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Microloan presentation - JC

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					   MicroLoan Workshop
Junction City, September 23rd
           eDev
                 About eDev
          (formerly Lane MicroBusiness)

• 501(c) (3) non-profit organization, based in
  Eugene, Oregon - www.edev.org.

• Primary mission is to help income-qualified
  individuals start or build businesses and to
  help rural communities with economic
  development

• We offer classes, technical assistance, and
  access to capital through grants and loans.
                    Agenda
• Introductions – upcoming Junction City classes
• What is a microloan
• Why eDev is offering microloans
• Elements of a microloan application
• Five C’s of business loans
• How a microloan is evaluated
• Examples of requests for loans that will rank
  poorly.
• Importance of assembling a good loan application
            What is a microloan?
•   Most start-up businesses can not obtain
    business loans from banks
•   Start-up business owners typically use personal
    savings, family and friends, and credit cards to
    fund their start up as well as existing operations
•   Existing small businesses are having trouble
    obtaining capital
•   Microloans range from $500 up to a maximum
    of $35,000
•   Number of hoops to jump through
      Why eDev is offering microloans

• SBA primarily acts as guarantor on loans
  originating from banks and credit unions
• eDev was designated an SBA microloan lender in
  August 2009.
• eDev will initially have $150,000 in microloan
  funds
• eDev can apply for more loan funds as needed
• eDev is responsible for the successful
  management and operations of the loan portfolio.
• Importance of understanding that we are offering
  business loans that need to be paid back.
    Five C’s of credit for a business loan

•   Character – integrity
•   Capacity – sufficient cash flow to pay back the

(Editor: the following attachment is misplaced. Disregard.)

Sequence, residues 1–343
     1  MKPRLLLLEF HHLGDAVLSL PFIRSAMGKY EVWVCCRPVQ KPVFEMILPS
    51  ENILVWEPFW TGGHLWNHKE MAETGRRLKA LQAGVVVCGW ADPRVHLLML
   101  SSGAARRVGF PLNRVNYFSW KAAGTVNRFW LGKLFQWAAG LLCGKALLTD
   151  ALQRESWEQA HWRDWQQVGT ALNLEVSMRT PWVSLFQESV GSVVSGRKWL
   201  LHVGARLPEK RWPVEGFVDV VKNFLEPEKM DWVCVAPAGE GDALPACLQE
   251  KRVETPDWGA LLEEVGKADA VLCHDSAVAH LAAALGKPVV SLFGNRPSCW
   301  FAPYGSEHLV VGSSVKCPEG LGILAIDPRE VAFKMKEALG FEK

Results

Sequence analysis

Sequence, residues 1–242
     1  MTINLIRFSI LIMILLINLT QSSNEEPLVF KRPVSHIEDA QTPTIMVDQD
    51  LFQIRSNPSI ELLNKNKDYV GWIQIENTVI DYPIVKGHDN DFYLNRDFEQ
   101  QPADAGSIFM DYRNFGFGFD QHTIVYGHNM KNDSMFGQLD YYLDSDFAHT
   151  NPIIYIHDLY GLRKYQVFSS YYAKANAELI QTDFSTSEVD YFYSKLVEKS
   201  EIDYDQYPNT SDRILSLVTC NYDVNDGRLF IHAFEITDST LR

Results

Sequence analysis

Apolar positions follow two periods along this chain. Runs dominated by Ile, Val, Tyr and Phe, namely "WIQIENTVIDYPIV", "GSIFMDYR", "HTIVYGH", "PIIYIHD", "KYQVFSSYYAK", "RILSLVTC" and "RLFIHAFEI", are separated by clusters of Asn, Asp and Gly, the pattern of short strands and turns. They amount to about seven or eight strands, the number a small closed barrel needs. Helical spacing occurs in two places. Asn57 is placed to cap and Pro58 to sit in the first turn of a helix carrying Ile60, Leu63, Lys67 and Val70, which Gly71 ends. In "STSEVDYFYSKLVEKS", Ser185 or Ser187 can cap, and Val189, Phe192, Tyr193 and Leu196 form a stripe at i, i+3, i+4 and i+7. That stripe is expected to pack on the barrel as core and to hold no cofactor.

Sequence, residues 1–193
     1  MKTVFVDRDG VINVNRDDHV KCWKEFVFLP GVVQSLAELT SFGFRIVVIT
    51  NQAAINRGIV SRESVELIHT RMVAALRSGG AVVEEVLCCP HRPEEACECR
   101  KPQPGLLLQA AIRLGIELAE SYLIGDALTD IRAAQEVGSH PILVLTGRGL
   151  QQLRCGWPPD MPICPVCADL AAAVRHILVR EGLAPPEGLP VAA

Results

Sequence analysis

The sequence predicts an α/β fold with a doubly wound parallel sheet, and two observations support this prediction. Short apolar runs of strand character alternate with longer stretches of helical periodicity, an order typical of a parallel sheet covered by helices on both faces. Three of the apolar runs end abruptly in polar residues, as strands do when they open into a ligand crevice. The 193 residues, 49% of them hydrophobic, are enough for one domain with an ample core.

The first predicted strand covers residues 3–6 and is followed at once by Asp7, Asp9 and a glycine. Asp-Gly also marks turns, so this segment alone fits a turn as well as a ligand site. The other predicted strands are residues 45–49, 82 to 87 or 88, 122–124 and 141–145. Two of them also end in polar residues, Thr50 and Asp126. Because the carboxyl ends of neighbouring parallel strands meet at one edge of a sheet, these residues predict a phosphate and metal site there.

loan
•   Capital – net worth
•   Collateral – assets to secure the debt
•   Conditions – of the borrower and overall
    economy
                      Character

• Banks want to put their money with clients who have
the best credentials and references. The way you treat
your employees and customers, the way you take
responsibility, your timeliness in fulfilling obligations -
that's character.
                    Capacity

• What is your company's borrowing history and
  track record of repayment. How much debt can
  your company handle? Will you be able to honor
  the obligation and repay the debt? There are
  numerous financial benchmarks such as debt and
  liquidity ratios that banks use before advancing
  funds.
                     Capital

• How well capitalized is your company? How
  much money have you invested in the business?
  Banks want to see that you have a financial
  commitment; that you have put yourself at risk in
  the company.
                       Collateral

Collateral represents assets that the company pledges as
an alternate repayment source for the loan. Hard assets.
Most collateral is in the form of real estate and office or
manufacturing equipment. Your accounts receivable and
inventory can also be pledged as collateral. Unless
you're a business with a proven payments track record,
you will almost always be required to pledge collateral.
                Conditions
What are the current economic conditions and
how does your company fit in? If your business
is sensitive to economic downturns, the bank
wants to know that you are good at managing
productivity and expenses.
         Elements of a business plan

• Executive Summary